Members of the Northfield Historical Commission have sometimes felt like bystanders on the sidelines of history as archaeological sites with potential significance get dug up without accountability.
It’s an age-old problem. One has only to visit any local museum and browse the collection of arrowheads, pottery shards and other artifacts, often stripped of their connection to a specific site, to realize that important history may have been lost. Objects with a provenance offer clues to settlements and migration patterns that add value and interest beyond their inherent appeal as an ancient object.
According to the Massachusetts Historical Commission, Franklin County “is home to a large number of Native American, Dutch and English sites dating from 13,000 years ago through the Contact Period of the 1600s and continuing on through the Colonial Period into the present.” That’s why the state historical commission has developed an Archaeological Accountability Policy for adoption by towns hoping to protect their archaeological resources. In Franklin County, Deerfield and Gill historical commissions have adopted the MHC Archaeological Accountability Policy. Now, the Northfield Historical Commission would like to get its own version passed as a town bylaw.
Read the full story in the Greenfield Recorder.
Three newspaper articles covering the VT NDCAP meeting held on March 22, 2018 at BUHS, to discuss the Settlement Agreement reached as part of the Docket #8880 examination of the sale of VY by Entergy to Northstar for decommissioning and site restoration.
By Richie Davis in The (Greenfield) Recorder.
By Susan Smallheer in the Rutland Herald.
By Mike Faher in VT Digger.
A followup commentary by Guy Page in the Rutland Herald.
It’s been over a year since Turners Falls High School decided to remove the Indian as its mascot, but some community members are having a difficult time letting go.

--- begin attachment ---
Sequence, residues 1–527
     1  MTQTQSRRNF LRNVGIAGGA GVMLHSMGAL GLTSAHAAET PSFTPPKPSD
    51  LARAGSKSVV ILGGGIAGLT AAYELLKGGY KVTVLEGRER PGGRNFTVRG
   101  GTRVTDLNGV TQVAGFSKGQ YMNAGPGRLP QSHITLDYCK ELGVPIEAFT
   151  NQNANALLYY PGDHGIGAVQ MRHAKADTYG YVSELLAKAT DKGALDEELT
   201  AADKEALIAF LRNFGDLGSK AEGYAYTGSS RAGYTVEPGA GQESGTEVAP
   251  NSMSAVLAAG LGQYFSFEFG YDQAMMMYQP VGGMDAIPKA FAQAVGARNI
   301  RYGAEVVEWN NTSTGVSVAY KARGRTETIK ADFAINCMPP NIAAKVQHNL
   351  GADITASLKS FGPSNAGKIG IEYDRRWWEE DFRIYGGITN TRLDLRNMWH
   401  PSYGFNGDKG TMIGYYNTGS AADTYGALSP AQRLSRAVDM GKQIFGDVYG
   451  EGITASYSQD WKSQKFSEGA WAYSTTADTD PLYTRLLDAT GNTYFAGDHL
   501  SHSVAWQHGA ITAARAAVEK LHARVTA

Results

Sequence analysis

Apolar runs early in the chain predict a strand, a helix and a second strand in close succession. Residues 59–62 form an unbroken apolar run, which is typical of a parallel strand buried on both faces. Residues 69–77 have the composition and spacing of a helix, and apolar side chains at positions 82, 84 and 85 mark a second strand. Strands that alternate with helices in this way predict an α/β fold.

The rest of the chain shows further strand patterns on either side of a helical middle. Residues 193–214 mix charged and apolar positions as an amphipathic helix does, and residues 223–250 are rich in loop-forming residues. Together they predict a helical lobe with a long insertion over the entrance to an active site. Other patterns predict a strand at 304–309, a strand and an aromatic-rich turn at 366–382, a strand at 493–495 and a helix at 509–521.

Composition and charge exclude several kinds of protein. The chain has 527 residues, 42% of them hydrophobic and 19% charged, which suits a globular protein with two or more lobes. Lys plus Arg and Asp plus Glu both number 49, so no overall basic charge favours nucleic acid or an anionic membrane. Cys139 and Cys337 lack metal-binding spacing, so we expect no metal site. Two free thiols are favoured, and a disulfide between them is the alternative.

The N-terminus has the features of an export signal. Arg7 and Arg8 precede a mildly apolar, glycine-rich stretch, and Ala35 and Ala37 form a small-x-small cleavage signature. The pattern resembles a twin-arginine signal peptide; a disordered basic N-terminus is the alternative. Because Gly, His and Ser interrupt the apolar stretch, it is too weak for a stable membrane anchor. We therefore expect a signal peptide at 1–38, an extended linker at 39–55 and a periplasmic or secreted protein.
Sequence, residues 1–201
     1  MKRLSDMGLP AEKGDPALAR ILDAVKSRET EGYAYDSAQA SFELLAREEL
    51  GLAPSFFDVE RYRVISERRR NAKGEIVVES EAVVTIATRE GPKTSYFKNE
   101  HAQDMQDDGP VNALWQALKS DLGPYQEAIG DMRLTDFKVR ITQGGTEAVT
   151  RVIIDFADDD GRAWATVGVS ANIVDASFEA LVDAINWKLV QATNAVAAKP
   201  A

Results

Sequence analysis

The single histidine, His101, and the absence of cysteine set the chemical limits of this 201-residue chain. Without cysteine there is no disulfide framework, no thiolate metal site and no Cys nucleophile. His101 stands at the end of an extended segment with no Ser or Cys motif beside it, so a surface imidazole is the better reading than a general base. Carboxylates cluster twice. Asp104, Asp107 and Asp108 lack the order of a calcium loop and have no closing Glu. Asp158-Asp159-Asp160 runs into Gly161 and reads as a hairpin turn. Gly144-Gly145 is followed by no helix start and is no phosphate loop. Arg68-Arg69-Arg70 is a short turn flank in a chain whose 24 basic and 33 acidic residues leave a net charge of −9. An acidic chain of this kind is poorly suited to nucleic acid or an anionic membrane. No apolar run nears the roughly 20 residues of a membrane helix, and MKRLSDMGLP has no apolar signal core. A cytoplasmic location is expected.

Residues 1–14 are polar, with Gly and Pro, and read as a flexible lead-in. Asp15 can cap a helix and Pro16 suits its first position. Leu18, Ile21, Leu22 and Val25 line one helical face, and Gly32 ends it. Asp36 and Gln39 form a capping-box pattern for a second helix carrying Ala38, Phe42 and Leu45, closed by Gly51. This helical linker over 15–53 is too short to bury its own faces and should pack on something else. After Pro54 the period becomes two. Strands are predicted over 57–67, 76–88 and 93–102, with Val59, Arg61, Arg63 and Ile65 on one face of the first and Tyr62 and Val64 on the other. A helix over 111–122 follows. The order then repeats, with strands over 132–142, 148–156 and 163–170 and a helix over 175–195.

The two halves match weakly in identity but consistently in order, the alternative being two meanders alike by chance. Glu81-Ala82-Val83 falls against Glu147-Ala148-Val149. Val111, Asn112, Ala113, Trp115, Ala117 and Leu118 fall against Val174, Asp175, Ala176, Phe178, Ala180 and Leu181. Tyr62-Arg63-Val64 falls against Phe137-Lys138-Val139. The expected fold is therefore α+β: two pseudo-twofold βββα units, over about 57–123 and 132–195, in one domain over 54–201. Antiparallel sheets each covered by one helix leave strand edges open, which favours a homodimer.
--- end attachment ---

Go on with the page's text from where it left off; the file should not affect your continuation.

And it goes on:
Overall, the Logo Task Force received 197 suggestions for “Indian” and multiple suggestions for “Pride” and “Tribe,” according to Task Force member Alana Martineau.
After a preliminary screening, the task force gave the Gill-Montague School Committee a list of 136 potential mascot names to review — which led to a lengthy debate about the appropriateness of “Tribe.”
Read the full article by Christie Wisniewski in the Greenfield Recorder.
Petroglyphs and pictographs here in the Pioneer Valley? Well, there is no question they were here. Now we’re left to ponder how many are still decipherable and where do you suppose they reside? The answer is that one never knows.
According to Edward F. Lenik, author of “Picture Rocks: American Indian Rock Art in the Northeast Woodlands (2002),” the most likely sites are around water. These shamanistic images show up throughout the Northeast, around lakes and ponds and especially near important riverside gathering places at waterfalls and mouths of rivers, where you’re apt to find carvings of fish, eels, serpents, thunderbirds, effigies, maybe deer or elk or moose, scratched into large stones and ledges, including midstream outcroppings splitting a river, and others jutting far out from the shoreline to provide natural entry and exit points for ancient canoe travelers. Remember, rivers like the Hudson, Connecticut, Merrimack, Penobscot, Saco and many others were our native peoples’ interstate highways when Europeans arrived on the scene.
Read Gary’s column musing on this topic in the Greenfield Recorder.
The story of King Philip’s War, which ended  years ago, may be central to the history of this place, marked in locations like King Philip’s Hill in Northfield, the Bloody Brook Battle monument in Deerfield, and even King Philip restaurant in Phillipston. The three-year armed conflict is largely blamed on attacks on colonial settlers by Wampanoags and other native “savages.”
But a book released this week by Amherst College associate professor Lisa Brooks, an Abenaki, depicts the prolonged war on a dozen settlements throughout much of the region as more complex. And it’s seen as the result of mistaken assumptions English settlers made about the native tribes.